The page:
Anna Rakitina Yeah, you know, well, it always depends not on the general level of the orchestra, but also on who exactly is playing. Because if people understand you, it becomes suddenly very easy to get what you want no matter if is it a big and famous orchestra or a smaller one. So it's very important to get the understanding with musicians and to get the connection with them. So, this is the thing that I am trying to to get at the first minutes on podium.
Brian McCreath Absolutely, yeah. So it's to establish a connection to the musicians from the moment that you step in front of them is a really important thing. Yeah, and that doesn't matter whether it's Elgin or the BSO.
Anna Rakitina Yeah, yeah, it's very important everywhere, I think.
Brian McCreath Sure. And one of the ways that you've been able to observe that happen, and maybe learn from it, is is working with Andris.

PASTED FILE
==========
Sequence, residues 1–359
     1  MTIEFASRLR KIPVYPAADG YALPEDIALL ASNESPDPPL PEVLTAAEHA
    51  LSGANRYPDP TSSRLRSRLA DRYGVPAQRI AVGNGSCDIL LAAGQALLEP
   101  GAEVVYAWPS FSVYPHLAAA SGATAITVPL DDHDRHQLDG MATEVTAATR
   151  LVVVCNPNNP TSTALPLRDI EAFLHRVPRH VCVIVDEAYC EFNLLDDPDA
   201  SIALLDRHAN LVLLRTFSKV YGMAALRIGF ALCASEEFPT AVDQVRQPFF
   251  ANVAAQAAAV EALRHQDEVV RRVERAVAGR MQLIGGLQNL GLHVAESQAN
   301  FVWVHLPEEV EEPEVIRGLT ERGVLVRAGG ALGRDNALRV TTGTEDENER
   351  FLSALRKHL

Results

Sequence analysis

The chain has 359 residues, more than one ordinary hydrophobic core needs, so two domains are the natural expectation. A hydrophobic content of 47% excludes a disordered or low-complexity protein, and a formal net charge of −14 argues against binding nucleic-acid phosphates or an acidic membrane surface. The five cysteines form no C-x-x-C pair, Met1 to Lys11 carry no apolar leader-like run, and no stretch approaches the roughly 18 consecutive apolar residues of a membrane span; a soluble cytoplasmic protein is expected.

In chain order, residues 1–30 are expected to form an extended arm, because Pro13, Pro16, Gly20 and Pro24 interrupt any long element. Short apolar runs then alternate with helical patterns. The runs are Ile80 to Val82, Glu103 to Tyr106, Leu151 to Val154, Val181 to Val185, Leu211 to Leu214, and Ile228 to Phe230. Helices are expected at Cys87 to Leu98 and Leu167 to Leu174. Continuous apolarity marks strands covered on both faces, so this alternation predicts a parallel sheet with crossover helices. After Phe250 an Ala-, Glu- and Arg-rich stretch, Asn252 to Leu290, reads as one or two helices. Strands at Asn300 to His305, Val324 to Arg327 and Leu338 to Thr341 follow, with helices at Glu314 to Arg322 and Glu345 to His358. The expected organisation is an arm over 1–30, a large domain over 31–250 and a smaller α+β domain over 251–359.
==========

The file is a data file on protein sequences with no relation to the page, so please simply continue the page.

Anna Rakitina Oh, of course, absolutely.
Brian McCreath So tell me about working with Andris.
Anna Rakitina Oh yes, Andris is such a great, I mean, he is not only the world class conductor and great musician and has genius musicology, but he's also a great, kind supporter. And he helped me so, so much, so many times, with all my scores, with playing in the rehearsal. What is also very important, the way that you build the rehearsal and what you have in mind when you step on the podium. So yes, it's just amazing also that I have a chance to meet him here.
Brian McCreath Absolutely. Yeah, yeah. Well, Anna Rakitina, it's great to, of course, see you around the hall a lot, but really great to see you on the podium this week. That's a really wonderful thing. And you're conducting at Tanglewood this summer as well.
Anna Rakitina Oh, yes. Yes, I will, hopefully.
Brian McCreath Oh, absolutely. OK. Well, thanks a lot for your time today, I appreciate it.
Anna Rakitina Thank you very much. Thank you.